Willy Kauai

Armed with a Shaka, Willy Kauai is discovering Hawaiian history around the world and creating it back home.

When Willy Kauai took the position as the second ever director of the Native Hawaiian Student Services five years ago, his mission was clear: “Opening this university up for Hawaiian students.” 

One area he found lacking Native Hawaiian representation was the study abroad program. In response, he helped launch a program that took a cohort of primarily Native Hawaiian students to Europe, but he did it the old-fashioned way. 

The program was based on the Education of Hawaiian Youths Abroad program, which King Kalakaua created in 1880. The original program brought 17 men and one woman to six different countries in Europe to become the “future leaders” of Hawai‘i. 

“What we’re doing today in higher education is very similar to what our ancestors were doing,” he said. 

Since 2018, the Hawaiian Youths Abroad has returned to three of those original countries — Italy, France and England — to chronicle the impacts these students made abroad. 

“There’s a large footprint of Hawaiians traveling throughout Europe,” Kauai said.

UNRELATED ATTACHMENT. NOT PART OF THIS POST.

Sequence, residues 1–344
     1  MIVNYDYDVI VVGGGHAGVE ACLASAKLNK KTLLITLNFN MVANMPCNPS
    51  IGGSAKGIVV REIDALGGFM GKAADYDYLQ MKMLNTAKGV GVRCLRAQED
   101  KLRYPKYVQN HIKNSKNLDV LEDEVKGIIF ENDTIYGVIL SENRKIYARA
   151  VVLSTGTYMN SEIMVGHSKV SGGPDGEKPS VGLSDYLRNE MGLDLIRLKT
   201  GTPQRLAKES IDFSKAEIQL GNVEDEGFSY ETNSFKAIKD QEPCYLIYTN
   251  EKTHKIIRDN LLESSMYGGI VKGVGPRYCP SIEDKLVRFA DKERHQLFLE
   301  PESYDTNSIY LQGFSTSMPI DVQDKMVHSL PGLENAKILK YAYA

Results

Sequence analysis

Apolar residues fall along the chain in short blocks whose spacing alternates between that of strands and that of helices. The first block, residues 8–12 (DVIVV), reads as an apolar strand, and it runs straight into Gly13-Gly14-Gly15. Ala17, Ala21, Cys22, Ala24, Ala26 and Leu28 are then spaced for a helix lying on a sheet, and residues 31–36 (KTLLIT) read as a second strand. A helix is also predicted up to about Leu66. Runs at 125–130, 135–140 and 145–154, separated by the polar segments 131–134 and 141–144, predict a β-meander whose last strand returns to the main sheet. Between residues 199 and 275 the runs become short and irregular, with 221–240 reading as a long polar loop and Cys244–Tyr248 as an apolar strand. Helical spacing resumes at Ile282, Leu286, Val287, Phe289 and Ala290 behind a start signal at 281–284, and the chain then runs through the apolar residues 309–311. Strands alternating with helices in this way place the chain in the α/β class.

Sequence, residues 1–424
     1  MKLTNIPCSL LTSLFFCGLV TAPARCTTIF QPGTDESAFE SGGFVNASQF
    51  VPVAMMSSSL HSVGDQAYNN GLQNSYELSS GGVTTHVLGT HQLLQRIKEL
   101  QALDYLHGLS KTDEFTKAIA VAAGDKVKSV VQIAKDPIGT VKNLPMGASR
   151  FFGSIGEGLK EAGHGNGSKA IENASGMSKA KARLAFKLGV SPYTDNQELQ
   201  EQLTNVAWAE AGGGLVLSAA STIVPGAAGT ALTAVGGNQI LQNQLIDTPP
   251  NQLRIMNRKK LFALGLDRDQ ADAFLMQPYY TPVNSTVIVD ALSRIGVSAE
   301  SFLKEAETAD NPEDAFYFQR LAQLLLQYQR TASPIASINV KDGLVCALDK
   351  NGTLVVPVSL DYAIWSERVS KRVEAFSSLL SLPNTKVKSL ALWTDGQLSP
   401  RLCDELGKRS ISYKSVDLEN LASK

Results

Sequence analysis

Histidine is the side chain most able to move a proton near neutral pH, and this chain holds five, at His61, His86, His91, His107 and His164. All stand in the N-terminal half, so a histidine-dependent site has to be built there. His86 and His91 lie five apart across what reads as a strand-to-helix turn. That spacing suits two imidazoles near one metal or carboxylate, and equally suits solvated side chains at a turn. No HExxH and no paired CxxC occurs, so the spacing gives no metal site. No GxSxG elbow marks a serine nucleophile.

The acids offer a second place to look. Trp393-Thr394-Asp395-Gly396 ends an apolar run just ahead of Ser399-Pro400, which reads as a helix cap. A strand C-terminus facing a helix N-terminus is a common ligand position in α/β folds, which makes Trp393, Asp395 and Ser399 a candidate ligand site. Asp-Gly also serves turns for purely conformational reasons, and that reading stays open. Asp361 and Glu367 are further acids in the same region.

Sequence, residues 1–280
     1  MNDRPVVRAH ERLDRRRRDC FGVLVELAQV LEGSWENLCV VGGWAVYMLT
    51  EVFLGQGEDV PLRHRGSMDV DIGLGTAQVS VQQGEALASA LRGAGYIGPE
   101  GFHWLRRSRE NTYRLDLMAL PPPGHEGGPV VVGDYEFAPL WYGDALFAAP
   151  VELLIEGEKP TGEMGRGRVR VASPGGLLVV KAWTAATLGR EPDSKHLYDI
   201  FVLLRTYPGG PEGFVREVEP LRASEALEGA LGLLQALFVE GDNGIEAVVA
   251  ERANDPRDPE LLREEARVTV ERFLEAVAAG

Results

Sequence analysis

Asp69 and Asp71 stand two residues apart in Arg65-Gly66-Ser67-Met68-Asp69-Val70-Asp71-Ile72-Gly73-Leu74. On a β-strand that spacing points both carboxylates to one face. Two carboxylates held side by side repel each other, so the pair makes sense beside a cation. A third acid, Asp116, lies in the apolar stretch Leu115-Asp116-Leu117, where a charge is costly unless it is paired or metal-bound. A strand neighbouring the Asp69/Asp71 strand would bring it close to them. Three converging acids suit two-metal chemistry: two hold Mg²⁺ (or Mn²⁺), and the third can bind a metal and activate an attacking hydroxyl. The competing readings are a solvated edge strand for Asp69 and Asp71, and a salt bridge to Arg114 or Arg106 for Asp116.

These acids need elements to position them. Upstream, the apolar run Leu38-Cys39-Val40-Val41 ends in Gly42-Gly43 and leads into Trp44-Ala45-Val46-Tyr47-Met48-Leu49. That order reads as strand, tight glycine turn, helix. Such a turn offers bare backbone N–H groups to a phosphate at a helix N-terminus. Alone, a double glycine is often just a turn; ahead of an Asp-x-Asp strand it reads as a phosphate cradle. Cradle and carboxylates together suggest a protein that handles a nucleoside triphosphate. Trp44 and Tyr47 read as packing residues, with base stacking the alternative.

Tracing these footprints led them to museums, national archives and repositories. One story they found was of Matthew Makalua, the first ever doctor of Hawaiian decent to get a western training and who never claimed American citizenship because the overthrow happened while he was abroad. They even discovered embassies where diplomats of the Hawaiian Kingdom once held a seat.

But at home, Kauai felt like the campus itself has very little evidence of the impacts Native Hawaiians had on the university. “There’s very few places in which you have Hawaiian identity reflected in the physical space,” he said.  

He noticed that almost every building on campus that features a Hawaiian name is either a place where you eat or sleep — referring to the dorms and dining halls — but very few places where you learn. 

His next mission is to change that.  

Kauai’s first project is already underway; to renovate a pavilion in the QLC to feature a memorial to Queen Liliuokalani. The project is set to feature a plaque that provides a history of who she was and what she stood for.

Kauai is also lobbying to name the new Life Sciences Building after a Native Hawaiian who has made their name on the campus. 

Isabella Abbott, one of his leading candidates for the name, was a pioneer in marine botany and of Hawaiian descent. She created the undergraduate major of ethnobotany at UH and authored “Marine Algae of California,” winning the highest award in marine botany and becoming the first minority to teach at Stanford. 

“There’s a prospective Hawaiian student out there that could see themselves in a professor like Abbot,” he said.

Staff Writer

Nathan Bek is a student at the UH Shidler College of Business and an intern writer at Hawaii Business Magazine. His favorite stories are about entrepreneurship and innovation.